Creating a marketing plan is often a daunting task for financial advisers, but it does not have to be. Here are a few ways you can get started.
The world of marketing is an interesting place to be.
There are so many ways to communicate to people and it doesn't have to cost a fortune.
While I think this is exciting, for many financial advisers it is overwhelming and daunting. What works? What doesn't? Who does it? Where do we start?
If you are like most financial advisers, you probably suffer from lack of time, lack of budget, lack of marketing knowledge and even think it is way too hard.
Similar to when you create a financial plan for a client, you need to do some fact finding before you write your marketing plan. The more you can understand who it is you want to work with, what their problems are and how you can solve them, the easier it will be.
Word of warning – a marketing plan without an implementation plan doesn't cut it in today's busy work environments.
So, what should you consider in a modern day marketing plan?
First of all, there needs to be some information about who your ideal client is, specifically their characteristics and you should be able to articulate the value that they will gain from working with you.
Below are seven key fundamentals that should be completed before you delve into the marketing plan:
1. Create a profile of the ideal client
2. Explain what your clients’ financial concerns are.
3. Demonstrate how you can solve their problems.
4. Determine the benefits – what's in it for them?
5. Explain your value in the eyes of your client.
6. Develop your key marketing messages – typically five to six, depending on the size of your financial advice business.
7. Determine your brand voice – how and why will you communicate.
Once those seven points are completed, you are then ready to work out where the ideal client is and how you can reach them.
In this article, I would also like to suggest five marketing ideas that I believe should be in every financial adviser’s marketing plan.
1. Word of mouth marketing
You may have heard me say, “It’s not your client’s job to get you clients, it’s yours.” Many financial advisers agree, but when I ask advisers, “How do you gain new clients?” They typically respond with: “Through word of mouth.”
The scary thing about that is, while it’s their number one client attraction strategy, there’s actually no strategy written to support it. Rather, it’s what we call a “hope-based strategy” – hoping and praying that one of their clients will remember them and refer a friend.
We are in extraordinary times, where we are regularly sharing information online, recommending accommodation, restaurants and service providers to others easily and readily.
Word of mouth is everywhere, so you need to make sure that your business installs the right strategies to leverage this and that people have the right information readily available to share with people all the time.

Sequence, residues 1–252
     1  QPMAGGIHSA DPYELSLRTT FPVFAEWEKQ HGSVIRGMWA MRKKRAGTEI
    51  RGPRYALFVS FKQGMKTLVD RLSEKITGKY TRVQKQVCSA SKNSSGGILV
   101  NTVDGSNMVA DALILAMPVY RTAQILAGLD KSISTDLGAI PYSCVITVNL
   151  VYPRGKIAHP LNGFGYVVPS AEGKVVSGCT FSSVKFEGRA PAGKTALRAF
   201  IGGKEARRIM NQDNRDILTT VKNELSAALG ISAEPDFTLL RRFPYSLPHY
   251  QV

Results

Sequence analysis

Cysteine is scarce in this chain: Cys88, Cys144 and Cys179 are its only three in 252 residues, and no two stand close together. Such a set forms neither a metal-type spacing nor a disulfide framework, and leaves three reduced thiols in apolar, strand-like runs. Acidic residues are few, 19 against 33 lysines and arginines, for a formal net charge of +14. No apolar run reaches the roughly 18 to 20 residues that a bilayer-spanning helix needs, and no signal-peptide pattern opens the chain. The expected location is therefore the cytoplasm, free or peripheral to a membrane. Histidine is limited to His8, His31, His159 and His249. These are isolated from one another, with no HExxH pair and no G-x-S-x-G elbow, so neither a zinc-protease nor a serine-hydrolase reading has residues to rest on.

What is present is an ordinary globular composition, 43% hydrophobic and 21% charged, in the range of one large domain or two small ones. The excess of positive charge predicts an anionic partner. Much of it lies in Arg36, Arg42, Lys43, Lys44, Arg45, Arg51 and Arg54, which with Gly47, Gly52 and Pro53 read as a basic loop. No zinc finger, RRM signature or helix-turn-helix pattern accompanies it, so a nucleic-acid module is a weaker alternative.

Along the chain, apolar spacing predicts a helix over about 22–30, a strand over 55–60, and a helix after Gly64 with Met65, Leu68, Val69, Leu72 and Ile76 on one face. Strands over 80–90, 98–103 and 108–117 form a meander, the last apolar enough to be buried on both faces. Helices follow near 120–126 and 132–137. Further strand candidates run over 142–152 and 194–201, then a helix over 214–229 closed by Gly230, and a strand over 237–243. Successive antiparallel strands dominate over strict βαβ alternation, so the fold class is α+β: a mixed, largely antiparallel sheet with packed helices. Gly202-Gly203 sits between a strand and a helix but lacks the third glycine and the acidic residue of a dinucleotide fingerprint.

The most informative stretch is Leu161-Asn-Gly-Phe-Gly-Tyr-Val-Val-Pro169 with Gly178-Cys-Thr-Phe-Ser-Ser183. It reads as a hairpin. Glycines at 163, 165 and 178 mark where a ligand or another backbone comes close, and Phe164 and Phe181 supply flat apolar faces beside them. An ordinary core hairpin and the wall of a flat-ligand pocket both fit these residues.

2. Digital reputation
A modern marketing strategy needs to have a plan to ensure the digital footprint is created, implemented and managed effectively. We all know how important your reputation is. Nine times out of 10, it’s how you get your work.
Once you have created your brand, it will be far easier for you to develop your digital reputation. The interesting shift that we’re now seeing in Australia is what we call “blurred lines.”
Years ago, Facebook was very much your own personal page, and LinkedIn was very much a professional world. The two never really impacted the other. That is no longer. We enjoy interacting with many different platforms and devices. How you look online can equate to how your reputation is perceived.
3. Educational-based marketing
Educating people about the value of what it is that you do is an ongoing process in the world of financial advice.
An effective marketing plan should have a content marketing strategy that communicates the value through case studies, client reviews and information that will educate the client about the various options available to people.
4. Client segmentation
It doesn’t matter what size your business is. Your marketing plan should address the opportunity of client segmentation. Segmenting client bases is becoming a much easier task for advisers now because of the improved technology platforms being used.
Segmenting your client base on a regular basis leads to excellent results. First of all, you can identify new services that can improve your ability to retain clients.
You can create space for innovative thinking so you can stand out from all the others. You can create targeted educational-based marketing messages leading to potential new revenue opportunities, and you can understand your client’s persona far better, which means you’re going to build a better business.
5. Social business
Some have mastered the art of social media, and they are now transforming into social businesses. Every marketing plan should have some element of social marketing in it.
Social marketing enables you to promote your value, your benefits and your reputation. Identify which social platforms your ideal clients are using and build your strategy to educate them about the value of advice.
Rachel Staggs, director, SRS Coaching & Consulting
SUBSCRIBE TO THE IFA DAILY BULLETIN
- 15 Aug 2018CFS ‘retained’ adviser commissions: RCBy Killian Plastow and Tim Stewart
- 15 Aug 2018Suncorp urged advisers to maintain commissionsBy Jessica Yun
- 15 Aug 2018Hostplus spent $260,000 on tennis ticketsBy Tim Stewart
- 14 Aug 2018RC challenges NAB on ASIC interactionsBy Killian Plastow
- 14 Aug 2018Judgement issued in DomaCom SMSF appealBy Miranda Brownlee
- 14 Aug 2018Hub24 agrees to distribute Challenger annuitiesBy Reporter
- view all